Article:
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On the Verge of Attachment: The Effect of Ionic Concentration on Bacterial Adhesion

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Title: On the Verge of Attachment: The Effect of Ionic Concentration on Bacterial Adhesion
Author: Karakashian, Ara
Department: Department of Mathematics and Statistics
Program: Biophysics
Advisor: Pink, DavidEberl, Hermann
Abstract: The lipopolysaccharide layer of Pseudomonas aeruginosa is the first cell membrane layer that interacts with its surroundings. The goal of this research is to model the effects of ionic concentration by simulating the attachment of a Pseudomonas aeruginosa bacterium to a surface with hydrophilic, hydrophobic, or metallic characteristics. The Monte Carlo Metropolis algorithm was used to find the equilibrium states of the systems. Both monovalent and divalent ions were present and their effects were quantified as functions of distance between the bacterial membrane and the surface. The energies of the system comprised of hydrogen bonding, van der Waals, and electrostatic interactions. Changes in the free energy of the system decide how well the bacterium binds to the surface. It was found that the collapse of the LPS induced by calcium decreased attachment to surfaces with hydrophobic and hydrophilic characteristics and that all ions screened a metallic surface from bacterial attachment.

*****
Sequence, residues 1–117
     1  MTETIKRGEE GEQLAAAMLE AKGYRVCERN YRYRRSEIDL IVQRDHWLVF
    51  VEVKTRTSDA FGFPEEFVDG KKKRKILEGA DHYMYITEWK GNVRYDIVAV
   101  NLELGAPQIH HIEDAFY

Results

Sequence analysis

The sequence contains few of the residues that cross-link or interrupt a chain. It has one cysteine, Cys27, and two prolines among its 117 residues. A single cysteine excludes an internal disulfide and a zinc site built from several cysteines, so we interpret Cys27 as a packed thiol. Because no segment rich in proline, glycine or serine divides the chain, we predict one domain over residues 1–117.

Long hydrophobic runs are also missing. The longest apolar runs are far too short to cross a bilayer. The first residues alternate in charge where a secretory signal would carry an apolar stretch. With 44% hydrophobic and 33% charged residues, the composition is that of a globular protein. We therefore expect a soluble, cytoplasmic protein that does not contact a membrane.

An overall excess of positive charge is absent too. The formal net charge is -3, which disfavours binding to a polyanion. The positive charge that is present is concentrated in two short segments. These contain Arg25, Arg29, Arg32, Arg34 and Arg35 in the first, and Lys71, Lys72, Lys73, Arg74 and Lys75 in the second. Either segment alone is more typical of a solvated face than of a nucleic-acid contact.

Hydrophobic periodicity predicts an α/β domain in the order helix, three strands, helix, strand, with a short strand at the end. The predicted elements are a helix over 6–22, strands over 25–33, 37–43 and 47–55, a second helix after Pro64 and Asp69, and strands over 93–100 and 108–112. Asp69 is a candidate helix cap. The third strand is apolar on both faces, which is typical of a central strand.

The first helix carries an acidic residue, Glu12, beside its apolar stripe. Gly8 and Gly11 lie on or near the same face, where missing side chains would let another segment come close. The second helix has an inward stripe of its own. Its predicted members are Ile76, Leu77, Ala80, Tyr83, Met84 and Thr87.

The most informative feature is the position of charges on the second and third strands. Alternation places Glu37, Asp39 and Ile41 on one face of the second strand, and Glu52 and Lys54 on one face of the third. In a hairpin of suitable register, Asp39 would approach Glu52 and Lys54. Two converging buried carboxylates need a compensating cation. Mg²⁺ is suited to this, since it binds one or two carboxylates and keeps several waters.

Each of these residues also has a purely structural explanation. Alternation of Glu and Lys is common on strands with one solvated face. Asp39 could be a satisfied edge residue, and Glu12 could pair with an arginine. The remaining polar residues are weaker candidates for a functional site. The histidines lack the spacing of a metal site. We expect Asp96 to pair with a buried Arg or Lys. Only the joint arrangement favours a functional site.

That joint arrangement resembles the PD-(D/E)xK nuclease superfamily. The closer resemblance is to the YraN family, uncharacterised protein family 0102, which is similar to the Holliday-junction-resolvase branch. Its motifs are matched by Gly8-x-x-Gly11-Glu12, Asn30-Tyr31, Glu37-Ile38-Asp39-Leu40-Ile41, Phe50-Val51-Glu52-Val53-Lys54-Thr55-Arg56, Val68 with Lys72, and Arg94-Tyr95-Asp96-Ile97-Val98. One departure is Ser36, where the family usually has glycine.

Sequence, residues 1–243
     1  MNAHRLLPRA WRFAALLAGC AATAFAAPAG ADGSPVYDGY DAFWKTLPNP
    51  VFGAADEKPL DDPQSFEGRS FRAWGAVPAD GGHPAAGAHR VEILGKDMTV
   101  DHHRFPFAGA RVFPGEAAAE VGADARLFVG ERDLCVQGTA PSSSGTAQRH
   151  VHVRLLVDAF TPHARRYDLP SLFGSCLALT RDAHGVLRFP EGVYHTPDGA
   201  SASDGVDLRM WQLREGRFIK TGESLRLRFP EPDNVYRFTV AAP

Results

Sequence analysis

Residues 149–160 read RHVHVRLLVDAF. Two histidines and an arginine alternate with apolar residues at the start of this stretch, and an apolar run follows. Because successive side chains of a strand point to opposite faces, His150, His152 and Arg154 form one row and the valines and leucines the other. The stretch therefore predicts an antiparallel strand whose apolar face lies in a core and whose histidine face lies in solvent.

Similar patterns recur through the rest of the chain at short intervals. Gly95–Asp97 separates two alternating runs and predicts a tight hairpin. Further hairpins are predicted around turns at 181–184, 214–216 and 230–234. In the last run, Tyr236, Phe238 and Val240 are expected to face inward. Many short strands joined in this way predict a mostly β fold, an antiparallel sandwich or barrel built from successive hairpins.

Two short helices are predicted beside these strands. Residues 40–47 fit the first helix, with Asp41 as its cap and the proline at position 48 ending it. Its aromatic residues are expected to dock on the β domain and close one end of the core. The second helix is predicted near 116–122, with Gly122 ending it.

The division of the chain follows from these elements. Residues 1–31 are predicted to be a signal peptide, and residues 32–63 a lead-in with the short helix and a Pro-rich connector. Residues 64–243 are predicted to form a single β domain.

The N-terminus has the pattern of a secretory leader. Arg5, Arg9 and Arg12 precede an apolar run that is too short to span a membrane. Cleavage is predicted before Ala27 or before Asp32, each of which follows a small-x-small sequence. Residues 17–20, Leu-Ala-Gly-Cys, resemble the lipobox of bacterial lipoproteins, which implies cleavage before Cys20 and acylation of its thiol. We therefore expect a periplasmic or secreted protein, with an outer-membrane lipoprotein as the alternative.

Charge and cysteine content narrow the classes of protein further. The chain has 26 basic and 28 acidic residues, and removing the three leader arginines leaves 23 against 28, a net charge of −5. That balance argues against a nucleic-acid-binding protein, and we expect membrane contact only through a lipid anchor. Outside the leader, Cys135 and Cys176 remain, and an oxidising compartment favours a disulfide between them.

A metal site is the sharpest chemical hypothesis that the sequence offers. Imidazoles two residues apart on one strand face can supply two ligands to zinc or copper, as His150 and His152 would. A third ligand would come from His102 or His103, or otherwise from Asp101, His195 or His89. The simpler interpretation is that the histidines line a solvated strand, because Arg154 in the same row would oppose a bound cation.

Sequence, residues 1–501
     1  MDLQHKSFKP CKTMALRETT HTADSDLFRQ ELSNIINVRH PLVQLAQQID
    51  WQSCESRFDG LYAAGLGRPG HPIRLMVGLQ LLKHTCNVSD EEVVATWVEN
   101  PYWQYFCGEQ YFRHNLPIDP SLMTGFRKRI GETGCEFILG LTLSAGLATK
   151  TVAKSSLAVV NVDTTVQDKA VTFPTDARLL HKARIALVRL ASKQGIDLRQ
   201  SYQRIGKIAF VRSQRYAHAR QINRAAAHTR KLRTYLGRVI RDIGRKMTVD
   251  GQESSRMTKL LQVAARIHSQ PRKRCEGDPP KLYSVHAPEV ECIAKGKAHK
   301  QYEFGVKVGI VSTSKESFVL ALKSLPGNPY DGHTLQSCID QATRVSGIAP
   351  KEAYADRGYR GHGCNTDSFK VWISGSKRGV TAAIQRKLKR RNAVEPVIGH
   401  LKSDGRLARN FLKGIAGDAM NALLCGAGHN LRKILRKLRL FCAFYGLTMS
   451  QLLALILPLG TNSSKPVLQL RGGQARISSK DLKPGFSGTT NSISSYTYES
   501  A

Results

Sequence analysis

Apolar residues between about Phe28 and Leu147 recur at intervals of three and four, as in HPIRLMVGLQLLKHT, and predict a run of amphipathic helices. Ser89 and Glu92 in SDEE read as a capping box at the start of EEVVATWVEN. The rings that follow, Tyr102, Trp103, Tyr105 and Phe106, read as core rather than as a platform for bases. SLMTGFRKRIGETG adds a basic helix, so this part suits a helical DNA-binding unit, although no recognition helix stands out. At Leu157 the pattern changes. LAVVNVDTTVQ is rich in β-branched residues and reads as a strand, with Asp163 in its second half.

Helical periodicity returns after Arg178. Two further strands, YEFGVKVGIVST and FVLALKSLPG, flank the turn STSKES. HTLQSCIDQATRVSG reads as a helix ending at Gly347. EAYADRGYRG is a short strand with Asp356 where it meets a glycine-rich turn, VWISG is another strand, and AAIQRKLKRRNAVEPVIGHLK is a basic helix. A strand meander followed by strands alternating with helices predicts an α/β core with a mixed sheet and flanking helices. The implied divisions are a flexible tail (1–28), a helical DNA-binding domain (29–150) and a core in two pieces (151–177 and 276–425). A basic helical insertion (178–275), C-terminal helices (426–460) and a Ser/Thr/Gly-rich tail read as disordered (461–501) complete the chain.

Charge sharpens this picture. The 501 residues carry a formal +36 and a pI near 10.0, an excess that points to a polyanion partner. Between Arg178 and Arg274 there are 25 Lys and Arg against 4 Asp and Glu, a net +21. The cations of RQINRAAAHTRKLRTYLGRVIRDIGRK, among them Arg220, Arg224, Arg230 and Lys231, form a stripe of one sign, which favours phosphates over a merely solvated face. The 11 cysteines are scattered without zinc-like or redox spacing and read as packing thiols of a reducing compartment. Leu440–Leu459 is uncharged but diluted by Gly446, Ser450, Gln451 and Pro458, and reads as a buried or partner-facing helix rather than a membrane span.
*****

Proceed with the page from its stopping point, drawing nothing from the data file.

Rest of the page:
Date: 2015-09
Rights: Attribution-NonCommercial-ShareAlike 2.5 Canada

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Attribution-NonCommercial-ShareAlike 2.5 Canada Except where otherwise noted, this item's license is described as Attribution-NonCommercial-ShareAlike 2.5 Canada
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